A survey to mark Stop the Bleed Awareness Day on Thursday shows that 99.3 per cent of all respondents understand that a person can bleed out before professional help arrives, yet only just over a quarter have the skills to prevent it.
Carried out by Wolverhampton-based TyTek Medical with citizenAID, the survey also illustrated that 78 per cent of people don’t own or have access to medical equipment that would control a bleed, meaning lives could be unnecessarily lost in the wake of a deliberate attack or mass casualty incident.
Calls are now being made to increase training and awareness of the three simple actions you can immediately take in the event of severe bleed, such as pressure with hands, dressing and press and how to apply a tourniquet.
Individuals can also download an app from citizenAID, which gives you step-by-step instructions of what to do during a knife attack, shooting, explosion or vehicle attack.
This includes how to report the incident, who to treat first, how to treat and then how to deliver crucial handover instructions to medical experts when they arrive.
“Our results demonstrate there is a stark disconnect between knowing the risks and being able to mitigate them,” said Matt Eccles, director at Tytek Medical.
“With the pandemic restrictions being lowered, we will increasingly see people moving around and crowds returning to sports and entertainment venues, transport hubs, shopping centres and in the workplace.
“It has never been more important to be educated, equipped and empowered to treat a catastrophic bleed and save lives and we want to use ‘Stop the Bleed Awareness Day’ to urge government to do more to make training readily available and for organisations to invest in making life-saving equipment easy to access.”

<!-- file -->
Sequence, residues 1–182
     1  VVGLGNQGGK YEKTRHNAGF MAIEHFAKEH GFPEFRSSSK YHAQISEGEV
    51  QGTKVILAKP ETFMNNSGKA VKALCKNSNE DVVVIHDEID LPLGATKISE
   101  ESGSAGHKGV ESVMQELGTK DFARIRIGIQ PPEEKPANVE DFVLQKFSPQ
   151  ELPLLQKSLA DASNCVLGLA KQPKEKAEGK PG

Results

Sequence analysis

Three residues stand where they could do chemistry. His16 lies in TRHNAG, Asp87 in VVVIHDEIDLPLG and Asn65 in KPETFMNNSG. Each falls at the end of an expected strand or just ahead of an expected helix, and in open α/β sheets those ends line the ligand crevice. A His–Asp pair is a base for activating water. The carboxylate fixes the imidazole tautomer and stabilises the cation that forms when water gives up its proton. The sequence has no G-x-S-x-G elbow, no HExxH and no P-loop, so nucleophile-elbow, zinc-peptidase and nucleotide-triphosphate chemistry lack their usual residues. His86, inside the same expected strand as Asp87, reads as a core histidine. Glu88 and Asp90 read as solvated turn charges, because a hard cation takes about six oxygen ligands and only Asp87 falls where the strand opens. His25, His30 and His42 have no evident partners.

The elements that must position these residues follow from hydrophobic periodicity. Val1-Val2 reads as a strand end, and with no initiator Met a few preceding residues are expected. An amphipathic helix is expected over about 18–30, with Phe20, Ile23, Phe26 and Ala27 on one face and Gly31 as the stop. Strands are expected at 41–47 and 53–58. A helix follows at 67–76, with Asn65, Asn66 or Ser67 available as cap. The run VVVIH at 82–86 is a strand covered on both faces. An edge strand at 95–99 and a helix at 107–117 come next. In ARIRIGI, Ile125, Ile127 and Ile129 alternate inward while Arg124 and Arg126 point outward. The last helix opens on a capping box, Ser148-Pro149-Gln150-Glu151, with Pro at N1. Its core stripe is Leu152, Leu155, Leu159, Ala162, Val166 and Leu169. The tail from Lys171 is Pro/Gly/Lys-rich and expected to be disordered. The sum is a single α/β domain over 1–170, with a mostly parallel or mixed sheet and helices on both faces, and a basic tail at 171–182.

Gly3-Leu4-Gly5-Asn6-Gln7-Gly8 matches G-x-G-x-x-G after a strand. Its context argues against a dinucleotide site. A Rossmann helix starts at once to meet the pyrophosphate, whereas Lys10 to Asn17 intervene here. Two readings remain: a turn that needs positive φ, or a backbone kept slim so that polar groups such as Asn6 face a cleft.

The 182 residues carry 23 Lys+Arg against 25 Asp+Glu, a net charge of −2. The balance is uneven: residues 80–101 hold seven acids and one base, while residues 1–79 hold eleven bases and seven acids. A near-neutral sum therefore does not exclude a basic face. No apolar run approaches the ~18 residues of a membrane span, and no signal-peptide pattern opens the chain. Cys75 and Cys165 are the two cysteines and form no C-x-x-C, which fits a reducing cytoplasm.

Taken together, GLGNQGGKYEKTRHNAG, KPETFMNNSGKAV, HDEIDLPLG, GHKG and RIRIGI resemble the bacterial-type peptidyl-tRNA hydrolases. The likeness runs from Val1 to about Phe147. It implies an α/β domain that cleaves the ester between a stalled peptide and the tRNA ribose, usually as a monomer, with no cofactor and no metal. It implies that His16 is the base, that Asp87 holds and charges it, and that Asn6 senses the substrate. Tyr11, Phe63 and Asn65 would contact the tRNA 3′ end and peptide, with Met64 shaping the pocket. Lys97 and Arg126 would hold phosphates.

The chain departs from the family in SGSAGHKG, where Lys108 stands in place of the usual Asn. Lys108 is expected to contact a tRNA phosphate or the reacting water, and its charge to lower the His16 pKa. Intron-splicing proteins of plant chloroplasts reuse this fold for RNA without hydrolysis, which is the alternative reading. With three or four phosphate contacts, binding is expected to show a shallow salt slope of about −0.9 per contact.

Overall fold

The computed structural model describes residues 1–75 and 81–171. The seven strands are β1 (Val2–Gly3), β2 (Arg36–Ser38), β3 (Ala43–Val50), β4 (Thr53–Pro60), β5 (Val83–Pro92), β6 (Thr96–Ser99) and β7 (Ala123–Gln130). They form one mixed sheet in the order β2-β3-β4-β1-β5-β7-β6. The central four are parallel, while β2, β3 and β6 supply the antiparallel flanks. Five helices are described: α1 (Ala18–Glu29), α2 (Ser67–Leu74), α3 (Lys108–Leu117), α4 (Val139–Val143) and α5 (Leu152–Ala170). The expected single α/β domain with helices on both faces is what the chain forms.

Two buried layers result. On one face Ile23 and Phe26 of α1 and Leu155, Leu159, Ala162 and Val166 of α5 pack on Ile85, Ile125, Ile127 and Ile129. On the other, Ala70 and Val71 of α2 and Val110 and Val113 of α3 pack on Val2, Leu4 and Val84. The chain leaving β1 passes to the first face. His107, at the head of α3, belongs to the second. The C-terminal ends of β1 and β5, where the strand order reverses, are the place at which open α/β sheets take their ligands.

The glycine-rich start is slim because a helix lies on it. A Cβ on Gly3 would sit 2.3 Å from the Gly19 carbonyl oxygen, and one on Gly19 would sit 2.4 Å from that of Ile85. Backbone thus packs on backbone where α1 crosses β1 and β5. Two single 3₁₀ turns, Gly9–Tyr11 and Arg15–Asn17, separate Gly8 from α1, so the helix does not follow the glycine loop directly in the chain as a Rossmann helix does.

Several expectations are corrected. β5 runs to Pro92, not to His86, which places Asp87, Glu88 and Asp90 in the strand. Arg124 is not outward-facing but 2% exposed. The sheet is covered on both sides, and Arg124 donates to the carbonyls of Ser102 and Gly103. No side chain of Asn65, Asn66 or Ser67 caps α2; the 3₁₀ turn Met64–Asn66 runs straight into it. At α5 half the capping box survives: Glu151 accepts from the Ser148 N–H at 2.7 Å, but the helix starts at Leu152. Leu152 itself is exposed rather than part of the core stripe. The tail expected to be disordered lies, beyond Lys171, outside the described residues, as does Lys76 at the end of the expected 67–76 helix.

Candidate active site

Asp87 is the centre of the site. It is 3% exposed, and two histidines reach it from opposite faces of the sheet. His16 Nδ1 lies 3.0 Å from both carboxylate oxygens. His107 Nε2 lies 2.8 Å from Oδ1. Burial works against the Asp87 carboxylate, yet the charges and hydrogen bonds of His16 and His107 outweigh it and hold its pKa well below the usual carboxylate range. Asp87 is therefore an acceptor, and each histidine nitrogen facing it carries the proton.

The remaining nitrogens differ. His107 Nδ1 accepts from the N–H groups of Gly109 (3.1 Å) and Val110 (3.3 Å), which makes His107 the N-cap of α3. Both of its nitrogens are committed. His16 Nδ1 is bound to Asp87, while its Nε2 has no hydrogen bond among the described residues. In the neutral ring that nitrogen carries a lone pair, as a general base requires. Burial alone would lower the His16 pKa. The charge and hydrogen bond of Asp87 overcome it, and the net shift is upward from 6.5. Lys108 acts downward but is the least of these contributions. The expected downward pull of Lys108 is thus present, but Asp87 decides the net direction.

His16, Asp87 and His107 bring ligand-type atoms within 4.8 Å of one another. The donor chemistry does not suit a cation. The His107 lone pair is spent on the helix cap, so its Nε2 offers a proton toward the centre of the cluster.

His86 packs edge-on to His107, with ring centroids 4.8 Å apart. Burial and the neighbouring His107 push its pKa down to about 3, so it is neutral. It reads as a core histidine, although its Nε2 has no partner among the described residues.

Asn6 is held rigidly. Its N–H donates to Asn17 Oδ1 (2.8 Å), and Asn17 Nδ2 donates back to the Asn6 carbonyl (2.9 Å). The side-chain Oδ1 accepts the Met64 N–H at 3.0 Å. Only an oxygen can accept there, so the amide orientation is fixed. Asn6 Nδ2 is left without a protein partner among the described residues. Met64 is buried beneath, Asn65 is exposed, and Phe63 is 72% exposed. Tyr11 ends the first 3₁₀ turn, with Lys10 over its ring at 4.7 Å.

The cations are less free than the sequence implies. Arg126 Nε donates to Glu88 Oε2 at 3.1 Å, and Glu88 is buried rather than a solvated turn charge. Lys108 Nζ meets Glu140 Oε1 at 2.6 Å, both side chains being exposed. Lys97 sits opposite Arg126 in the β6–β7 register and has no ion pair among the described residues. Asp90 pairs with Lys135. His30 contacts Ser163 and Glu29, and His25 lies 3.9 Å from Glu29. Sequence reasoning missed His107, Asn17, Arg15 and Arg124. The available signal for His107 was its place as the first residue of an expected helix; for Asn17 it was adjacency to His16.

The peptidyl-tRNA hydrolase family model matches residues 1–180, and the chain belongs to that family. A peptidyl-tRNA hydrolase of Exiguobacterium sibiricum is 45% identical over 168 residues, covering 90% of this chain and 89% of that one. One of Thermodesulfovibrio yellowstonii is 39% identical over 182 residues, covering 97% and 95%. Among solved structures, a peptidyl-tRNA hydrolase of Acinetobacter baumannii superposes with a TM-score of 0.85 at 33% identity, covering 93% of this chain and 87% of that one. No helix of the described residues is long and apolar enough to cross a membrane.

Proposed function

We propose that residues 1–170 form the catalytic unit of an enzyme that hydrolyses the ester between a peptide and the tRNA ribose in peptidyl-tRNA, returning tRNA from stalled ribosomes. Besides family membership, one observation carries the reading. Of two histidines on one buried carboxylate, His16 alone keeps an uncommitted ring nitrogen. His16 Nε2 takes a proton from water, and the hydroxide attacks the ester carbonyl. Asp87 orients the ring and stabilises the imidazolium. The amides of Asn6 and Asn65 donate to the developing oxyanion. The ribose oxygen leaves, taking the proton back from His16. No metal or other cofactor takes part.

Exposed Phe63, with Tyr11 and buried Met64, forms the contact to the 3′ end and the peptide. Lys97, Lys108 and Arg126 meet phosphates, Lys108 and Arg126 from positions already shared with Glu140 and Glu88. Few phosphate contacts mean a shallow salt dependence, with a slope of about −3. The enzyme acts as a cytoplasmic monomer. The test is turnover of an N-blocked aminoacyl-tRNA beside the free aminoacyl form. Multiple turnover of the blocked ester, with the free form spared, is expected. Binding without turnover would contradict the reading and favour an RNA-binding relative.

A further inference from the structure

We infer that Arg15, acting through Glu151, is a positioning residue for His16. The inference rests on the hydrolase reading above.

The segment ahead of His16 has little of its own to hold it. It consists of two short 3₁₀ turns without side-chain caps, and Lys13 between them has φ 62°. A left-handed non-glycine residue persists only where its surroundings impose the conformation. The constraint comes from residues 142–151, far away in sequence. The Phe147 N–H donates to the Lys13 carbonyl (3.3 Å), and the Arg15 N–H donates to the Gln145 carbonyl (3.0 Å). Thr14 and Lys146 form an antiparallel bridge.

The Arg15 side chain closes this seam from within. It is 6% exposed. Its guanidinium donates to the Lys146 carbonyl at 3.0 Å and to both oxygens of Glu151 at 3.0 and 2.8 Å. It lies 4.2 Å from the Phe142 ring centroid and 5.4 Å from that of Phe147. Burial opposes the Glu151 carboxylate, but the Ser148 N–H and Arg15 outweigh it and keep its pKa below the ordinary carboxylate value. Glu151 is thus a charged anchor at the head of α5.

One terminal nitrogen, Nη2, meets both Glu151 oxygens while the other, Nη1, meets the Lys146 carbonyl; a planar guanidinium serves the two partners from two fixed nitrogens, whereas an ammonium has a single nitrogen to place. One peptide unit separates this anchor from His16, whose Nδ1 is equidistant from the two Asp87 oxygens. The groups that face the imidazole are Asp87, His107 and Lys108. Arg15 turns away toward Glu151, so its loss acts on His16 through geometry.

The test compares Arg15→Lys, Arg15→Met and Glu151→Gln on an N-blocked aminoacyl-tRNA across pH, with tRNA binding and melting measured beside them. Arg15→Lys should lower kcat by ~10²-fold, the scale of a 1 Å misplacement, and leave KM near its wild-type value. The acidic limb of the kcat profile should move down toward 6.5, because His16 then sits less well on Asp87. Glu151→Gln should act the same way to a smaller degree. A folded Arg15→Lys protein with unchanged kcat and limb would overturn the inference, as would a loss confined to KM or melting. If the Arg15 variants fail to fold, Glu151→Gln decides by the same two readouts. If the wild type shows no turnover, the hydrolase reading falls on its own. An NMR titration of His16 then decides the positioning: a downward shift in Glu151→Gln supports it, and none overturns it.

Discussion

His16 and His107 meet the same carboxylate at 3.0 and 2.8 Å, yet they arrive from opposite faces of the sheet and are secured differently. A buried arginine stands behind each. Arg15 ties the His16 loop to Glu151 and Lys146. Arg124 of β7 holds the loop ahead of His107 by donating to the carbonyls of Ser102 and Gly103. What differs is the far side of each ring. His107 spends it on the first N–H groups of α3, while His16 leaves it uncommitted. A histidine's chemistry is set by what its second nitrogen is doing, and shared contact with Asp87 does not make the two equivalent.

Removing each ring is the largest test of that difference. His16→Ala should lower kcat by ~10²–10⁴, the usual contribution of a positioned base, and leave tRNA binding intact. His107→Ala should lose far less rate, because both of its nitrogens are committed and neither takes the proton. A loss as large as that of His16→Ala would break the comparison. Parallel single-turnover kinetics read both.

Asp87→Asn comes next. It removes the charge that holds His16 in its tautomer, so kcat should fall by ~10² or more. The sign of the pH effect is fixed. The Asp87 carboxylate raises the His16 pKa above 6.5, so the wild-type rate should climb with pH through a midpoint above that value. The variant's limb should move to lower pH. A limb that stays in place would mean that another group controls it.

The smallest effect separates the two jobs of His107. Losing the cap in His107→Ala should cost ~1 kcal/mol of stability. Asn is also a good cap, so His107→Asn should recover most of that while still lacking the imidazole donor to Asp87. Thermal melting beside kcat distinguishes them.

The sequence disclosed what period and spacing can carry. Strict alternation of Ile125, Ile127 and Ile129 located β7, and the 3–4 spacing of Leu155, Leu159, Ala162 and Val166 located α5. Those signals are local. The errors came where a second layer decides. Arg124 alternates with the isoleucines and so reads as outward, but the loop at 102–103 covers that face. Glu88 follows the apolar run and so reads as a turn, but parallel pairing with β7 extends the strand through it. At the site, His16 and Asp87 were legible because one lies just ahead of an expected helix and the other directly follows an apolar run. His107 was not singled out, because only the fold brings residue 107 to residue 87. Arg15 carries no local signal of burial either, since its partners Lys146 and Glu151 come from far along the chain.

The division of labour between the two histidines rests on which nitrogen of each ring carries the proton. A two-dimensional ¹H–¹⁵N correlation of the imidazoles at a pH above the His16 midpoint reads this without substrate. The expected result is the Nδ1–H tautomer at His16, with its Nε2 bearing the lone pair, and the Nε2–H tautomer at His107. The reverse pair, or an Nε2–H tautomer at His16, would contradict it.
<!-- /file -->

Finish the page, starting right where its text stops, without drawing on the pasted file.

Andrew Thurgood, chairman and co-founder of citizenAID, added: “We are delighted to be part of this interesting survey and the results clearly demonstrate that there remains a real need to educate and empower the public in how to stop bleeding - thus saving a life.
“For over five years, we have been promoting these important public skills and to see this research coming out of industry shows that we still have a great deal of work to do in our charitable endeavour.”
Around 40 per cent of trauma-related deaths worldwide are due to bleeding or its consequences, which means haemorrhage is the most common cause of preventable death in trauma.
It takes just two to five minutes for someone to bleed out. Therefore, if a bystander at the scene is educated, equipped and empowered, they will have more chance to save that person’s life.
Mr Eccles said: “Eighty-seven per cent of responders didn’t know how or where to sign up for a ‘Stop the Bleed’ class.
“We really need to get the message out there. A simple training class, combined with downloading the citizenAID app and access to the right equipment, could save thousands of lives every year.”